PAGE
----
When you think about Norway you usually see fjords. High mountains that quite harshly fall into a deep, dark and bendy river that goes miles into the land. Trolltunga and Preikestolen are two places most known for their view on this specific scenery and I was lucky enough to be able to experience Pulpit Rock. Let’s dive into the mysterious beauty of Lysefjorden pearl.
My trip started in Stavanger (see Stavanger post), on the second day of stay. Woke up as early as possible, around 5:30, me and my friend decided to catch the first ferry to our destination. Basically, from the city center, there’s one simple transport to the bottom of Preikestolen hike, it takes 350 NOK for both ways and this includes both ferry and bus. You have to take the ferry from the city to Tau, and then the bus from Tau to Preikestolhytta (the bottom point of the hike). It goes daily till 30th of September.
The whole trip from Stavanger to Preikestolhytta took around one hour, so after 9 am we were ready at the beginning of the route. At the bottom, there were parking, bus stop, and toilets, so if someone forgets to fill their water bottles, there’s no problem.
The hike started quite roughly, with huge stones hard to step on. It wasn’t a surprise for me since all the info said it should be 350 m up on the 3,8 km distance. But here and there, in the middle of track, there was a straight road without any elevations.
Following the track was quite easy, because it was marked by red T on the nearby big rocks or poles. But even if it wasn’t marked it would be impossible to be lost due to the number of people walking in the same direction. Trust me, if you want to have nice pictures etc., you have to wake up early. There are no exceptions.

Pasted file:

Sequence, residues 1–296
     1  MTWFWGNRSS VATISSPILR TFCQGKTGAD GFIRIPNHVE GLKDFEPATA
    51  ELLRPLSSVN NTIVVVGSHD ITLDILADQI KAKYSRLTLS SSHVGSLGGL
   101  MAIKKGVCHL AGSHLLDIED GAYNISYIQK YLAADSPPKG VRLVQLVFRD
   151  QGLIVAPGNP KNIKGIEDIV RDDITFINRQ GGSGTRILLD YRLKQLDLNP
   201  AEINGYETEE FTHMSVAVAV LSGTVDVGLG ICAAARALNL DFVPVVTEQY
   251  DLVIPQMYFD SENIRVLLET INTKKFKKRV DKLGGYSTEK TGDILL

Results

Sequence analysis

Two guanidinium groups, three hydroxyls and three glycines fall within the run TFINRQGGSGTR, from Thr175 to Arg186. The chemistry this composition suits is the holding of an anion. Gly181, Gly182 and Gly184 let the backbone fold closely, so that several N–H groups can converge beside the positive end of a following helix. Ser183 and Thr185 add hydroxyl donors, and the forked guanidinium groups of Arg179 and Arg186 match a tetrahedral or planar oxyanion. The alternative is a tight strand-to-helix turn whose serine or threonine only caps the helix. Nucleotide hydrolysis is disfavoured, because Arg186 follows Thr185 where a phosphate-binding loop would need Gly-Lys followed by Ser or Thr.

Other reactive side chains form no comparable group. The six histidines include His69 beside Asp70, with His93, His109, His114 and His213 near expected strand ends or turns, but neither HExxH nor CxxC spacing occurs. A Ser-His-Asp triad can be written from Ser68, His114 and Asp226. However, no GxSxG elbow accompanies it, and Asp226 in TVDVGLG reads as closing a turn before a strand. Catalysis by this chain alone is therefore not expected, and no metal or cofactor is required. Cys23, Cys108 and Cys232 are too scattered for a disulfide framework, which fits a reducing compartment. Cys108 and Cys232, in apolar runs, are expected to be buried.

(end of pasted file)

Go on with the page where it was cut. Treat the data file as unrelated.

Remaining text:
The first time I saw a little bit of Lysfjorden was quite a shock. I actually didn’t even know what I was looking at, and a random man was just standing by us and said: “It’s quite high, isn’t it?”. I looked at him unintelligibly and looked once again into the abyss of the fjord. Of course through my mind went a terrible thought: “how long would I be falling?”.
If there’s something more eternal and beautiful than this view right there, then I don’t know anything about the world. Of course, different people, different opinions, but for me, this is all I wanted to see in Norway (I want to see more places, but this was like my “goal” of Norway).
Of course, I took also some panoramic ones.
If you have any chance to travel to Preikestolen and you still don’t know if it’s worth it, don’t think too much and just go. I totally recommend this to everyone, not only for the view but also for the personal experience, which is mountain hiking itself.
Hope you liked this little reportage and have a nice week everyone!